Pop culture obsessives writing for the pop culture obsessed.
Pop culture obsessives writing for the pop culture obsessed.

In this teen comedy, Emma Stone became a star before our eyes

Easy A
Easy A
Screenshot: Trailer

Watch This offers movie recommendations inspired by new releases or premieres, or occasionally our own inscrutable whims. This week, we’re looking back on films that feature great comedic performances that the Academy didn’t nominate for Best Actor or Best Actress.

Easy A (2010)

By the time Emma Stone starred in the breezy teen comedy Easy A, she had already become a recognizable face in American cinema. Thanks to attention-grabbing supporting turns in hugely popular films like Superbad and Zombieland, Stone’s easygoing and charismatic presence marked her as a character actor who could imbue her roles with a grounded, relatable charm. Easy A flipped that equation: Instead of occupying the likable supporting role in a big film, Stone took center stage away from the movie itself, delivering a performance of such larger-than-life magnetism that, 90 minutes later, she was no longer the same actor. She was Emma Stone, Movie Star.


Stone’s hyperverbal nerd Olive Penderghast now sits proudly alongside other too-smart-for-their-own-good teen icons like Ferris Bueller and Pretty In Pink’s Andie Walsh. The story is a deeply superficial, postmodern gloss on The Scarlet Letter: After making up a fake story about losing her virginity, Olive’s bullied and closeted gay friend, Brandon (Dan Byrd), asks her to concoct a fake sexual encounter with him as well, in order to ease his torment at the hands of jock assholes. Soon, Olive becomes the go-to source for other unpopular boys to score an easy (and fictional) sexual anecdote, and it’s not long before her burgeoning reputation as the school slut makes her an outcast of a wholly different sort. Leaning into the rep, she begins wearing Hawthorne’s scarlet “A” on her clothes as a badge of defiance, until she starts to realize that reputations actually do mean something in the world.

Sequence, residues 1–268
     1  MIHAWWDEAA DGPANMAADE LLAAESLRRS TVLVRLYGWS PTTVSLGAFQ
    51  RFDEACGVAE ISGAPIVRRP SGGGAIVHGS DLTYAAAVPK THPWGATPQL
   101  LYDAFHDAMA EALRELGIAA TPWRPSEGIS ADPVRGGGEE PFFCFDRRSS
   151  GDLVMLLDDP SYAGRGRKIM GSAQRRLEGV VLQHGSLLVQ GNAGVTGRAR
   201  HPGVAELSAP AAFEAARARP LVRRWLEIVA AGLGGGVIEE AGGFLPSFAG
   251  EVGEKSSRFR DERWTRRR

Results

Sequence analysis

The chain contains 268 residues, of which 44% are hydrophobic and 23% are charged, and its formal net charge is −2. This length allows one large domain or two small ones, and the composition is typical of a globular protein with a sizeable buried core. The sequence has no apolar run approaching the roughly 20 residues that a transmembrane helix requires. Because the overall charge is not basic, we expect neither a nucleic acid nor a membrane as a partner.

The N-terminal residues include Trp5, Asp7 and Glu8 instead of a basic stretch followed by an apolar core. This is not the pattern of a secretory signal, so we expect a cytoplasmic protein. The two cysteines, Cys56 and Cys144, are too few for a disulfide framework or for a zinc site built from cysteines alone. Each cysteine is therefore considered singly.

There are a number of other subplots—a romantic interest (Penn Badgley), the pious mean kids led by Amanda Bynes’ vindictive Marianne, and Olive’s increasingly upset best friend (Aly Michalka)—but from start to finish, this is the Emma Stone show. It’s a powerhouse turn by a hungry young actor eager to prove to the world her Julia Roberts-level star wattage, remarkably vanity-free and bolstered by crack comedic timing. She outshines the material at every moment.

Easy A is an imperfect film. Bynes’ performance is little more than cheap mugging; several minor sequences are pure sitcom silliness; and while Stanley Tucci and Patricia Clarkson, as Olive’s mom and dad, are an absolute delight, they appear to have be teleported in from a planet where parents are perfect in every possible way. But none of that matters, because this is a movie elevated solely by Stone’s comedic chops, pulling everything around her up a level. It’s always exciting to watch the coming-out party of a major new talent, and in that regard, Olive Penderghast’s bad reputation was Emma Stone’s RSVP for her eventual—and well-deserved—star on the Hollywood Walk Of Fame.

Availability: Easy A is available to rent or purchase through the major digital platforms. It can also be acquired on Blu-ray or DVD from Amazon, Netflix, or your local video store/library.

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